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In our opinion: Google and the fight against child porn

Published: Thursday, June 20 2013 12:00 a.m. MDT

Google's willingness to take this first step is admirable, especially because the company is large enough for such an effort to have a real impact. We hope company officials recognize it as a first step.

Mark Lennihan, AP

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Child pornography is still rightfully condemned by the world at large, and we welcome the recent efforts by Google to try to eradicate these exploitative and criminal images from the World Wide Web. Google has taken steps to build a database that will catalog these images in a way that will facilitate their elimination without any human being having to see them.

Too many people, however, already have seen them. Three years ago, an analysis of more than 400 million web searches determined that 13 percent of all such searches were looking for online pornography. Even more disturbing, the most popular subcategory in these searches was "youth." Another study discovered that 15 percent of boys and 9 percent of girls have viewed child pornography. This has outraged people of good will all across the world. Thankfully, even in our increasingly permissive society, at least one taboo remains.

In a statement detailing the plans, Google characterized its efforts as follows:

"Child sexual exploitation is a global problem that needs a global solution. More than half of the images and videos sent to NCMEC [The National Center for Missing & Exploited Children] for analysis are found to have been uploaded to U.S. servers from outside the country. With this in mind, we need to sustain and encourage borderless communication between organizations fighting this problem on the ground. For example, NCMEC's CyberTipline is able to refer reports regarding online child sexual exploitation to 66 countries, helping local law enforcement agencies effectively execute their investigations."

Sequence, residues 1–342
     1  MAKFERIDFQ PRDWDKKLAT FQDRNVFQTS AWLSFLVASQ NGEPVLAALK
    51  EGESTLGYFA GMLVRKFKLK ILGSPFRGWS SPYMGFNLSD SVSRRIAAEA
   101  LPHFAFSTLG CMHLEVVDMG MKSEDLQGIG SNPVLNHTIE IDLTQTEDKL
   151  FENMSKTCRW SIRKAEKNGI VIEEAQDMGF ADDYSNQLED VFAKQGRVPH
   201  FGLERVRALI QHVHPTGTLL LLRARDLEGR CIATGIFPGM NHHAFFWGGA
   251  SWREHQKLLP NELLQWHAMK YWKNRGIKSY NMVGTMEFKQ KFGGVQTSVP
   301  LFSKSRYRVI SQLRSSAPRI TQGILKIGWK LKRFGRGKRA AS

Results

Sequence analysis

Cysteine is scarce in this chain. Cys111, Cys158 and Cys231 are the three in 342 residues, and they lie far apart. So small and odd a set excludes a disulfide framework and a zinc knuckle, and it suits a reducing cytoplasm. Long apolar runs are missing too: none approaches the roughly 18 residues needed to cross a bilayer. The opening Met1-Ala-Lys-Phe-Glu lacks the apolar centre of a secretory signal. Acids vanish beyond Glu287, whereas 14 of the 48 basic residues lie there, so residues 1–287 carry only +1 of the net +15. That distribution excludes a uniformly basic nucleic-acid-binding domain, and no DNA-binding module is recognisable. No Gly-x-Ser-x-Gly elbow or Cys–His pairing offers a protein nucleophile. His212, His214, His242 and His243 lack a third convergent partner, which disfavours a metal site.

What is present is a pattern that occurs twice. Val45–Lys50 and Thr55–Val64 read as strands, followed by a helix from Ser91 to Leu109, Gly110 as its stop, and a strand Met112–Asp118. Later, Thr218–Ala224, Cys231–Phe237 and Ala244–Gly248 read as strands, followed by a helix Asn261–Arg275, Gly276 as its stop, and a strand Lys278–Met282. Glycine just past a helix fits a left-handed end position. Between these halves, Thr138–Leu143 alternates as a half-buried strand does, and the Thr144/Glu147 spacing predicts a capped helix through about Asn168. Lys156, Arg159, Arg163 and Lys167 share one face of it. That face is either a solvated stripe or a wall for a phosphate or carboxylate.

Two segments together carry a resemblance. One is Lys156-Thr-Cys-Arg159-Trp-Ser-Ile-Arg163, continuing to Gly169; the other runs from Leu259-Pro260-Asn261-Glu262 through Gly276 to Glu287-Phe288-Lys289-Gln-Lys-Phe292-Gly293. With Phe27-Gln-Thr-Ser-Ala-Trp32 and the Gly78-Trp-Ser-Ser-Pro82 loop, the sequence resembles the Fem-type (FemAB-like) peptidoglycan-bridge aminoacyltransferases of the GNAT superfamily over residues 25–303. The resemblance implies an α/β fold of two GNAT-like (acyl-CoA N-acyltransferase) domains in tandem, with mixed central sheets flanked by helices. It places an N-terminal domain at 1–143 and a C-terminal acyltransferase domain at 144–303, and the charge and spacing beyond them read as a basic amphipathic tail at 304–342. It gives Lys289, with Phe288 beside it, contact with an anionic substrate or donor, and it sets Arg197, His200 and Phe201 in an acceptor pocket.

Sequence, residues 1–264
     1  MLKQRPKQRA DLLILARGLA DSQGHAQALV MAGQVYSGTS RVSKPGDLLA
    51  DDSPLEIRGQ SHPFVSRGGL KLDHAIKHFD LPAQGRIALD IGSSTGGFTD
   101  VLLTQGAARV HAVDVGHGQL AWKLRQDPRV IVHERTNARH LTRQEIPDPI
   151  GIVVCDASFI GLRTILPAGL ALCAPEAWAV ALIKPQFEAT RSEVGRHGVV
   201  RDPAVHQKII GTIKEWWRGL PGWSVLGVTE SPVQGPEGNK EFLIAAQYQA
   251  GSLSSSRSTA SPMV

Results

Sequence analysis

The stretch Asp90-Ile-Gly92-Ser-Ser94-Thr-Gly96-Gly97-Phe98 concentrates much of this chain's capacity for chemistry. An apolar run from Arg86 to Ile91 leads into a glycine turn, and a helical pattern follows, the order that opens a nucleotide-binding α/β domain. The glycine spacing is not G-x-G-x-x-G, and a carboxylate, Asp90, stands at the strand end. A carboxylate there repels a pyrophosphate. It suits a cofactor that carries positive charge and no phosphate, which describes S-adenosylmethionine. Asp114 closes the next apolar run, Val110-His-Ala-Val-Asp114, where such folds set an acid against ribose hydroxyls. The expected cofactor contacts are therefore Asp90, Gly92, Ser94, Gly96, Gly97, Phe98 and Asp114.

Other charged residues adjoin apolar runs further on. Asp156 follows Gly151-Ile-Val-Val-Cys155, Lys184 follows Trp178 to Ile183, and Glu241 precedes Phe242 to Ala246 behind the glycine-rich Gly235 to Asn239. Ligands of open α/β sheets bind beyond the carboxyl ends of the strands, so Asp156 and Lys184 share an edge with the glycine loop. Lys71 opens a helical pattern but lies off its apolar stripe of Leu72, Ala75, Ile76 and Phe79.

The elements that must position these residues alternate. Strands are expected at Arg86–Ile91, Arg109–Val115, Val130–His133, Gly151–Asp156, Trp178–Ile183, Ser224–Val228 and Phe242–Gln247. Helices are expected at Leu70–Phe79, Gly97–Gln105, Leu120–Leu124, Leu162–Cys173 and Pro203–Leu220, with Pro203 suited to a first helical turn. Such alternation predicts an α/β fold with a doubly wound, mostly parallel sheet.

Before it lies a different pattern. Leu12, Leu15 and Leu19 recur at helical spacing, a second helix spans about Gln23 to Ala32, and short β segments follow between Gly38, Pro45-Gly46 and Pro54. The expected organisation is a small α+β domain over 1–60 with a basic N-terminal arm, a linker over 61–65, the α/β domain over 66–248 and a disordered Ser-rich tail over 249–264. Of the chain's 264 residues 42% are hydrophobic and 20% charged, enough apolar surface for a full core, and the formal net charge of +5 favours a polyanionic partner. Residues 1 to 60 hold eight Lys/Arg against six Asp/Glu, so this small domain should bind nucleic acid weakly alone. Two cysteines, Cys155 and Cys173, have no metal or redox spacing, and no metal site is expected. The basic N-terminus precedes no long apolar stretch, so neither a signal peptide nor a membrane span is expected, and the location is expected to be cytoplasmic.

Unfortunately, Google is unlikely to take similar action against any other forms of obscenity.

That's not to downplay the virtue of what Google is doing. Certainly, child pornography is uniquely reprehensible in that its production requires the sexual abuse of minors and its consumption encourages pedophilia. But, legal distinctions aside, child pornography's singular vileness does not make other forms of pornography any less damaging to the viewers or the subjects involved.

Pornography's corrosive effect on marriages, families, and healthy sexual relationships has been well-documented, yet the porn industry is thriving as never before. For far too many, this toxic product is considered a harmless vice, and society at-large has become increasingly tolerant of this destructive material, ensuring that the number of lives ruined in its wake will continue to grow.

Any attempt to limit the spread of pornography's plague should be applauded, however. Google's willingness to take this first step is admirable, especially because the company is large enough for such an effort to have a real impact. We hope company officials recognize it as a first step.

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